Nanjing Road West gets smarter

The big data revolution has made it to one of the city's streets, giving retailers the opportunity of adjusting their merchandise to attract the most customers.
Nanjing Road West gets smarter
Jiang Xiaowei / SHINE

A woman stops by screens showing how big data reflects business on Nanjing Road W.

The big data revolution has made it to the popular shopping street Nanjing Road W.

The bustling street joined the city’s project of “smart commercial zones” two years ago. Last Friday, an upgraded version was released there. It gives retailers the opportunity of adjusting their merchandise to attract more customers.

“The previous version was designed for the government to help manage retailers, like acting in time in case of excess crowds,” said Zhao Jian, vice chairman of the Jing’an Commerce Commission. “The new version can serve retailers by helping them operate businesses more efficiently.”

The game changer, according to industry analysts, was Shanghai Data Exchange, which was set up last year in the Shibei High Technology Park. They said it drafted a clear blueprint for handling big data.

“We have to understand the forces that impact retailers,” said Tang Qifeng, chief executive of the exchange.

By analyzing data collected from various channels, including WiFi access and UnionPay transfers, the system can quickly profile potential customers.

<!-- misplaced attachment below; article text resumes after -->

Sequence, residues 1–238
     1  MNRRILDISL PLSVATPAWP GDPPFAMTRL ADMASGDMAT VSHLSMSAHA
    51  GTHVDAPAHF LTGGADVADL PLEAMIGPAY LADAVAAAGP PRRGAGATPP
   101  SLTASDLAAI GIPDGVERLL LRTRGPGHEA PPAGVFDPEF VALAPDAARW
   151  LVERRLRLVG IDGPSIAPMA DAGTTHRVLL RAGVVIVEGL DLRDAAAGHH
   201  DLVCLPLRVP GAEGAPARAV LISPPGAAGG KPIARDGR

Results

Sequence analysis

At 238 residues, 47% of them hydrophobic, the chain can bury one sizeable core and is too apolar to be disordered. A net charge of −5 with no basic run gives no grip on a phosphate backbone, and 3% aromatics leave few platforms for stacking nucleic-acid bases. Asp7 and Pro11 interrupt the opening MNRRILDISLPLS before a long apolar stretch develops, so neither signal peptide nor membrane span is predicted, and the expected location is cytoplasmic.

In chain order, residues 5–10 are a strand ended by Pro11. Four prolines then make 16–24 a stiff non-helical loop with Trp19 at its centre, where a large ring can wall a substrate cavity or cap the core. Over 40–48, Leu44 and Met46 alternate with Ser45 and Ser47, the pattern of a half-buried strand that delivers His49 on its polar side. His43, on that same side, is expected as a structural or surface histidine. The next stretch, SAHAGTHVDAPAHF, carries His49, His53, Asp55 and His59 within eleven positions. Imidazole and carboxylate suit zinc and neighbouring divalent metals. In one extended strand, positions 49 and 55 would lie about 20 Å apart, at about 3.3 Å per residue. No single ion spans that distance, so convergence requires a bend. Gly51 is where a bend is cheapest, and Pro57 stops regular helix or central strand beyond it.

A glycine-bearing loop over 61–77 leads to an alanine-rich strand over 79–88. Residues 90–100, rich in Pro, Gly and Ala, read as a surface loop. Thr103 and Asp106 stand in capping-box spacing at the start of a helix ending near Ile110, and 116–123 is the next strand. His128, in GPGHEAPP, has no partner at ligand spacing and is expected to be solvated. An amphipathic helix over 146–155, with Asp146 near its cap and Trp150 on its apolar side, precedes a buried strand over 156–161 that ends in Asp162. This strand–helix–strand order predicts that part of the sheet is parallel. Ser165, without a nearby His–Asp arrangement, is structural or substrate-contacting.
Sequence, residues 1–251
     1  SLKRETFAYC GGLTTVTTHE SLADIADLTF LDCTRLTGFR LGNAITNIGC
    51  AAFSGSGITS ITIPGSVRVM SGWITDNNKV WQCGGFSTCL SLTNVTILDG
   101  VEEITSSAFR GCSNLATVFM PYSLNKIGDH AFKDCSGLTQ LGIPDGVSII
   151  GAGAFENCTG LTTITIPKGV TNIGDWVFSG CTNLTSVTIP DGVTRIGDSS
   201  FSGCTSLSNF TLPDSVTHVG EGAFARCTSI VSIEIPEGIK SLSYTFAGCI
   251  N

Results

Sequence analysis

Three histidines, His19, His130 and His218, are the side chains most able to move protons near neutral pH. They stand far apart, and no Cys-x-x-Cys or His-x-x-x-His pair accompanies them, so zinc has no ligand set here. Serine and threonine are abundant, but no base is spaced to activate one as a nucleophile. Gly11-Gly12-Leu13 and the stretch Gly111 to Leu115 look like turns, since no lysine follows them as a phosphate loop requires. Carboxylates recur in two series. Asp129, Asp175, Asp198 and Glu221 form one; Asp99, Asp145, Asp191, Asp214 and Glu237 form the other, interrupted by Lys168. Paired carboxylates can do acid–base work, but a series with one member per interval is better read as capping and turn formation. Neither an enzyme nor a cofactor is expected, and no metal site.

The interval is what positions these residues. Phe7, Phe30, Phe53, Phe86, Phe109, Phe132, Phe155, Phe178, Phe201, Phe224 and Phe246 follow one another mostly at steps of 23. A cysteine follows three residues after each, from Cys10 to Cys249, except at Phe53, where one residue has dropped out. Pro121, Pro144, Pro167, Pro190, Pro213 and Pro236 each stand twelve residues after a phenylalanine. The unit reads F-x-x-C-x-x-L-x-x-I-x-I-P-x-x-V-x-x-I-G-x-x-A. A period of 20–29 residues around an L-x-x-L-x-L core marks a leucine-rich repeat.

“From the data produced, retailers can know which class of consumers they should target,” Zhao said.

Also, the system can tell whether pop-up stores and marketing activities really work to increase sales and whether the store’s location and pricing is right.

“Big data is very reliable,” Zhao added, citing street surveys as an example.

“We could distribute thousands of questionnaires on the street to study whether people like a given shopping mall or not,” he said. “Now we can see something like a man leaving a store with a happy face, which directly implies that he likes the store.”

Both Zhao and Tang are optimistic about the system’s application. They plan to put it to the market next year and they are convinced retailers will be impressed.

In the future, the system will be further upgraded to have artificial intelligence-driven recommendation functions included, which can predict what consumers like.

Lu Jun, official with Jing’an Commerce Commission, gives an example. “When you buy a Hermes bag in Plaza 66, we will tell you where you can find a suit to go with it. When it’s lunchtime, we will recommend you to a high-end western restaurant based on your records,” he said.

He added, “It is what we called precision marketing, by which we can liven up the whole commercial zone.”

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